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Most requested translations added here for your convenience: I love you → Mwen renmen w. I miss you → Mwen sonje w. My love!Lanmou mwen!

Wednesday, December 12, 2012

Is the lang Kreyol Ayisyen taking a different direction in evolving in the U.S. as opposed to in Ayiti?

I would say that more progress is being made in Haiti as journals are published in Creole, some TV news are being reported in Creole, official documents are published in Creole, the president makes his speech in Creole (Remember Jean Claude Duvalier's all-French speeches?), you can go to a government office and make inquiries in Creole, etc...
Oh man, I remember my first interview at the American embassy in Haiti for a visa request... Me and my sisters were called into an office with my dad. The man in the office only spoke French to us.  My dad spoke such bad French. He just couldn't get his point across.  He didn't have enough French words in his vocabulary to say all he needed to say.   So the man had denied us the visa, but my dad kept pleading.... IN BAD FRENCH... I could never forget that.
A lot of Haitians don't speak Creole because they're afraid to sound illiterate, so they speak bad French with bad grammar and bad pronunciation and think they sound so intelligent....  Mezanmi o!  if you want to speak your mind, and let the world know what  words of wisdom is flowing through your brain , wouldn't it make sense to use the language that you know so that all your choice of words are perfect and no one would scratch their heads wondering "What the hell did he just say?!"
And, Haitian ladies... how about the guys who thought that a love declaration made in French would give them a better shot at winning your hands ...chuckles :)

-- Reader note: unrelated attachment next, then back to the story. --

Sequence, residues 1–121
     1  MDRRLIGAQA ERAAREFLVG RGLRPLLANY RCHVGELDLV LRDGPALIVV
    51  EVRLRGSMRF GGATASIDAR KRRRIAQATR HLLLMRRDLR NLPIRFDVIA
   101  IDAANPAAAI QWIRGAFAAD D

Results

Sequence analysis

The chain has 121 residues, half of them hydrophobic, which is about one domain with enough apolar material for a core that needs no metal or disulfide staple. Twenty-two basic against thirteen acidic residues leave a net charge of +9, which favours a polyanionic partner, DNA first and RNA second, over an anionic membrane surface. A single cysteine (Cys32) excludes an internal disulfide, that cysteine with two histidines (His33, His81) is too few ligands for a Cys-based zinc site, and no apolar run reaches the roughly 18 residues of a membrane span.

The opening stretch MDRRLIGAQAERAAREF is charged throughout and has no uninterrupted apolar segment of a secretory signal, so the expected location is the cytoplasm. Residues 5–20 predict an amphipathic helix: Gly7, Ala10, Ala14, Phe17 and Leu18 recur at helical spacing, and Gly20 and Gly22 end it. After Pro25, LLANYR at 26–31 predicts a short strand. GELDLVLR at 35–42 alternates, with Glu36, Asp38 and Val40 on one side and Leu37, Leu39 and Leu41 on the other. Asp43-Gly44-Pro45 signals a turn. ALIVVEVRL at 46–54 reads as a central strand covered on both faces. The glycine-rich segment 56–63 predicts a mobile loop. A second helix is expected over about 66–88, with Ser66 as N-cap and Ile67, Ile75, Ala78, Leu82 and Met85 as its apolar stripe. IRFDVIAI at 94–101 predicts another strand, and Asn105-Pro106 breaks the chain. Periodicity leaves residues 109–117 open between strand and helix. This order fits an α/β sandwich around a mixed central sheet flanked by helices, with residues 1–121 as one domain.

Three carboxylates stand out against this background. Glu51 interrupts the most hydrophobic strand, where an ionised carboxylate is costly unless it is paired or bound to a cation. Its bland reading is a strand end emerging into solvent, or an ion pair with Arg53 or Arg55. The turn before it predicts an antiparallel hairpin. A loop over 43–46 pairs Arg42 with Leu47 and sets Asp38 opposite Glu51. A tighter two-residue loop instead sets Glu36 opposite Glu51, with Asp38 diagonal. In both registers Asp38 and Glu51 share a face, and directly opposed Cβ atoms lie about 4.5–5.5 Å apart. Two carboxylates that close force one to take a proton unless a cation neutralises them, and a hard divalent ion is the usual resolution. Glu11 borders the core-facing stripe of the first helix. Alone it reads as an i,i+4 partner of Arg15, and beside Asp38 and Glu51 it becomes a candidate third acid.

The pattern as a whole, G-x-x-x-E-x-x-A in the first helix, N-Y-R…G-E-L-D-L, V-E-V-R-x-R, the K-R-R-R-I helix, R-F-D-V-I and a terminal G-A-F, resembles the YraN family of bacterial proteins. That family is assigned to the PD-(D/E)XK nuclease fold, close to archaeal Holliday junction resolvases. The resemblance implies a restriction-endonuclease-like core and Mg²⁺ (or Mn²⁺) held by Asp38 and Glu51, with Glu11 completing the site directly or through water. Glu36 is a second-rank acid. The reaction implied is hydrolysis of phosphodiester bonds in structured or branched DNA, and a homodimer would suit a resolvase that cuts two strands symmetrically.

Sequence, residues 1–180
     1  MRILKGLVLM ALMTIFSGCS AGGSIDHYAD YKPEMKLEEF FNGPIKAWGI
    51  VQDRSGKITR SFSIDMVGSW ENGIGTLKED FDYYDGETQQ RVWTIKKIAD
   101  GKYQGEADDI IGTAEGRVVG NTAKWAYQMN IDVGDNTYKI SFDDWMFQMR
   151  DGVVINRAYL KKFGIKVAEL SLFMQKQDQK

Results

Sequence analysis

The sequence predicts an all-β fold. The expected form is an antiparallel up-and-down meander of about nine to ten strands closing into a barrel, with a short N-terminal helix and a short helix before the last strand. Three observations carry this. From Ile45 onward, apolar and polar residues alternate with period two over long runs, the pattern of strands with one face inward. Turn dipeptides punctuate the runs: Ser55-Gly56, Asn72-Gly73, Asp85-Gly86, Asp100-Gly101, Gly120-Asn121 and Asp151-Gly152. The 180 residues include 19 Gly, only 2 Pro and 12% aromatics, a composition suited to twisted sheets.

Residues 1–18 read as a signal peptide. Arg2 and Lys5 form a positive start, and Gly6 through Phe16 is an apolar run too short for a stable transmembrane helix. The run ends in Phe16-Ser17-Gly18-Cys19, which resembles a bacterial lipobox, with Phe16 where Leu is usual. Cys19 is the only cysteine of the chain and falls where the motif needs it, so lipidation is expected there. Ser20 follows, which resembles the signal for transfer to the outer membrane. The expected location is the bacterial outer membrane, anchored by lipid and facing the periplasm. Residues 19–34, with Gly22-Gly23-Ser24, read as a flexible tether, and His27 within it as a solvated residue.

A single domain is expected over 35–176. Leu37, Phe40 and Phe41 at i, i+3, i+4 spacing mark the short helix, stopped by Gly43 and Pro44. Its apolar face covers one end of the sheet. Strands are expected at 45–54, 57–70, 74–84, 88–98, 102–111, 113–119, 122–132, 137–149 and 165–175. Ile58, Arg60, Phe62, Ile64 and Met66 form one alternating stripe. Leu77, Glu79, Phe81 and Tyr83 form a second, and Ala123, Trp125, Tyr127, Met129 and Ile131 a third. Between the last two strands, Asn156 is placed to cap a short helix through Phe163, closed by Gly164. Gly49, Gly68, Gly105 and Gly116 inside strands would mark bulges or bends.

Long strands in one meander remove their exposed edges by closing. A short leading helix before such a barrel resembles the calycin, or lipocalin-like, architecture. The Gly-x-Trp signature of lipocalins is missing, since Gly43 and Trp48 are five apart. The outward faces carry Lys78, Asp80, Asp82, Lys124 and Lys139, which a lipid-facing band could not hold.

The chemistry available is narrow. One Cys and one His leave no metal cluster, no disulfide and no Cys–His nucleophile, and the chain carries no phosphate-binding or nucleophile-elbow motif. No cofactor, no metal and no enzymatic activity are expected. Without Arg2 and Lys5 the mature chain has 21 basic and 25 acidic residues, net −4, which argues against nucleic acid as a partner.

And so, what you will find here in the USA and other countries abroad is that more foreigners are learning Haitian Creole as they must travel to Haiti on employment contracts, for relief, missionary, research, and other types of work,  etc....  This helps a lot with communication, but it does not solve the problem of educating the Haitian in Creole. But more foreigners speaking Creole have certainly raised the status of this language which was once considered the language of the illiterates.

Many Haitians in the diaspora also try to preserve their Creole language by speaking it at home and teaching it to their kids. Being away from home may be the reason why they treasure this language heritage even more.  They may have realized that their language is one of the traits that unite them as a people.

So the news is good for both locations. Haitians living overseas are working to preserve their language heritage. And Haitians in Haiti are working to give Haiti's children a good Creole language foundation starting with the fundamental school years.
Progress of  is slow, but it's visible.

Check out this articles:
Kreyòl Ayisyen, Yon Eritaj Enpòtan
Lang Natif Nata Timoun Ki pale de (2) lang.

 Haitian Creole ↔ English Reference, Look up Haitian Creole and English Words

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